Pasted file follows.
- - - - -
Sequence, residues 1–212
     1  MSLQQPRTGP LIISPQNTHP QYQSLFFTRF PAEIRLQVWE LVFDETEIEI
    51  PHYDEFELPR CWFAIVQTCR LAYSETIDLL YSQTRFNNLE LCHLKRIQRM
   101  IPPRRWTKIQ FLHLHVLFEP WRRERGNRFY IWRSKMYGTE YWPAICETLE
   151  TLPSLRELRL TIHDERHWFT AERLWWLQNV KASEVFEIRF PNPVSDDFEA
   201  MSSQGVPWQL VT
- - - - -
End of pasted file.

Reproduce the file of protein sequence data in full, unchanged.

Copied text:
Sequence, residues 1–212
     1  MSLQQPRTGP LIISPQNTHP QYQSLFFTRF PAEIRLQVWE LVFDETEIEI
    51  PHYDEFELPR CWFAIVQTCR LAYSETIDLL YSQTRFNNLE LCHLKRIQRM
   101  IPPRRWTKIQ FLHLHVLFEP WRRERGNRFY IWRSKMYGTE YWPAICETLE
   151  TLPSLRELRL TIHDERHWFT AERLWWLQNV KASEVFEIRF PNPVSDDFEA
   201  MSSQGVPWQL VT